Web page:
Employers operating in the Rocky Mountain region need to pay close attention to the 2020 Administrative Order issued by the Colorado Department of Labor and Employment (CDLE) mandating broad changes to employee compensation and rights. It is different than similar orders issued previously, and makes significant changes to wage and hour laws in Colorado. CDLE recently adopted the Colorado Overtime and Minimum Pay Standards Order #36 (COMPS Order #36), replacing Minimum Wage Order # 35. COMPS Order #36 is effective on March 16, 2020. Employers should note the changes required by COMPS Order #36, including the types of covered employees and employers, expansion of meal and rest breaks, and increases in minimum salary thresholds for employees exempt from minimum wage laws.

Employee Coverage

Before COMPS Order #36, Colorado’s wage and hour laws applied only to specific employees working in the (1) retail and service, (2) food and beverage, (3) commercial support service, and (4) health and medical industries. COMPS Order #36 expands its purview to all employers in any industry, with limited worker or industry-specific exemptions, including but not limited to:

  • certain executive or supervisory employees
  • certain administrative employees
  • professional employees
  • outside salespersons
  • owners of a business
  • interstate transportation workers or taxi cab drivers
  • in-residence workers, such as casual babysitters or resident advisors
  • certain laundry workers
  • seasonal workers
  • employees in highly-technical computer-related occupations
  • elected officials
  • agricultural workers

A complete list can be found in COMPS Order #36, Rules 2.2 to 2.4.

Changes to the Colorado Minimum Salary for Exempt Employees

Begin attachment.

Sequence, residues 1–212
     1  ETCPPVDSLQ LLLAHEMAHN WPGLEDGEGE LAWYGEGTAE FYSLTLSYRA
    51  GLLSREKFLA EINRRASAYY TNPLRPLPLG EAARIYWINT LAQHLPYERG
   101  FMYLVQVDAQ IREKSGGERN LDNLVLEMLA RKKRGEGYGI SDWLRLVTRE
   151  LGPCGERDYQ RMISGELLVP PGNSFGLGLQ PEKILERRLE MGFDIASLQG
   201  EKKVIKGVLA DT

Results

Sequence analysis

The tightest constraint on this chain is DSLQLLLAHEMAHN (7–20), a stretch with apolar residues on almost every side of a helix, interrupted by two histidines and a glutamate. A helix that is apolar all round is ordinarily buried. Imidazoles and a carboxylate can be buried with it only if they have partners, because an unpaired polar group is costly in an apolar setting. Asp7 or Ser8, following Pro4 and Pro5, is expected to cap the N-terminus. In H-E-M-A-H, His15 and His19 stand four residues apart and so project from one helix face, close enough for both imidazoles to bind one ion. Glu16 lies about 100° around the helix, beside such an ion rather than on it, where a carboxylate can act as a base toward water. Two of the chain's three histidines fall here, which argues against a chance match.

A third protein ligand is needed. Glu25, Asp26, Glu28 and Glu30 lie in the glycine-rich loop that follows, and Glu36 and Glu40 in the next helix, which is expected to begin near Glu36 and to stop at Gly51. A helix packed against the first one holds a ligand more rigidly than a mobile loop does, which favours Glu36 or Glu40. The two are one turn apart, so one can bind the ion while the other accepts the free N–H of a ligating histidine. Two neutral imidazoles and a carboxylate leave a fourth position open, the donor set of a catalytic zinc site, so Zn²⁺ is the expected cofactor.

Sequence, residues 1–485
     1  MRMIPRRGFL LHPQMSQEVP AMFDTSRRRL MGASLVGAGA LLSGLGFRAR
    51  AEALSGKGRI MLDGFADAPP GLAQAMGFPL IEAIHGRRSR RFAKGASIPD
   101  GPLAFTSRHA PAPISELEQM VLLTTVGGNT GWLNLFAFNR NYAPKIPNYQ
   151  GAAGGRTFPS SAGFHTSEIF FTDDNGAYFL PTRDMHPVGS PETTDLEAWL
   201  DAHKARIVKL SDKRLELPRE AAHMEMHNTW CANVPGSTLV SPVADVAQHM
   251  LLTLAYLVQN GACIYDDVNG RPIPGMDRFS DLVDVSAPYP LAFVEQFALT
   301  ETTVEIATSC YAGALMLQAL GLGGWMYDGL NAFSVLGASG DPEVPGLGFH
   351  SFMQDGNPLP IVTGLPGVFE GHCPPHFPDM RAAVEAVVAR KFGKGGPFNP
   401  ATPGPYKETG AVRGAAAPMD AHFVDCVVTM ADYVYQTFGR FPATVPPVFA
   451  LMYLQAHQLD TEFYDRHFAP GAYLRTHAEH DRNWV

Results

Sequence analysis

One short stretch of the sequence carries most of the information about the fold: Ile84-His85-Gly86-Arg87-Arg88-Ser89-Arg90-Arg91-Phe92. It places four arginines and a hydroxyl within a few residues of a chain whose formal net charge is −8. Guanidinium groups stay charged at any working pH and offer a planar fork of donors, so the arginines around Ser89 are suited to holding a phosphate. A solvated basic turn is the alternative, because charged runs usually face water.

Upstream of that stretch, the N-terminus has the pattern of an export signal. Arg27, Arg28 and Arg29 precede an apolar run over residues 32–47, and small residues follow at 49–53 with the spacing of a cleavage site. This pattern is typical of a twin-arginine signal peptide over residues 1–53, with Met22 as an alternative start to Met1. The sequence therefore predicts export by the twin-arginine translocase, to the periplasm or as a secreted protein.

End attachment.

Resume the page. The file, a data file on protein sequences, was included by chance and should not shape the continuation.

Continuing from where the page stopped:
As employers prepare for COMPS Order #36 to become effective, they should be mindful of the increase in minimum salary thresholds for exempt workers. Beginning on July 1, 2020, exempt employees must earn a minimum yearly salary of $35,586 ($684.00/week), equivalent with new federal requirements. Note that COMPS Order #36 builds in automatic increases every year until 2024, with the first increase to the minimum salary threshold to $40,500/year ($778.85/week), effective January 1, 2021, and these increases will make the minimum salary requirements higher than federal law.

Non-profit employers with total gross revenue of under $50 million annually and for-profit employers with total gross revenue of under $1 million are exempt from the salary requirements.

New Break Rules

COMPS Order #36 also implements new meal and rest period requirements. Employers must now provide at least one 30-minute, uninterrupted and duty-free meal break when their shift exceeds five consecutive hours, during which time the employee must be relieved of all duties and permitted to pursue personal activities.

Employers must also allow employees at least one compensated 10-minute rest period for each four hours of work, or major fraction thereof. An employer may allow an employee to have multiple breaks that add up to 10 minutes, as long as the break time is compensated. Where an employer does not provide a sufficient rest period, the employer is obligated to pay the employee for the time not received. Employers must provide rest periods as follows:

Work Hours

Rest Periods Required

2 or Fewer


Over 2 and up to 6


Over 6 and up to 10


Over 10 and up to 14


Over 14 and up to 18


Over 18 and up to 22


Over 22


Other Requirements

COMPS Order #36 also revises language from prior orders with the aim to address ambiguities, including:

  • Defining “Time Worked” as including pre and post-work time where employees must change into and out of required uniforms, receiving or sharing work-related information, security screening, remaining at the worksite for a decision on job assignment or when to begin work, performing cleaning duties, and clocking in and out;
  • Clarifying the definition of “Travel Time” to exclude time traveling to and from a work station, if that time is entirely within the employer’s premises and/or with employer-provided transportation, unless it materially prolongs the employee’s commute or subjects and employee to heightened physical risk; and
  • Clarifying that employers may prohibit tipping and not violate rules against retaining employee tips under certain circumstances.

Employers must post these changes using the COMPS Order #36 Poster, available from the CDLE.

Akerman is available to assist with any issues arising as a result of COMPS Order #36.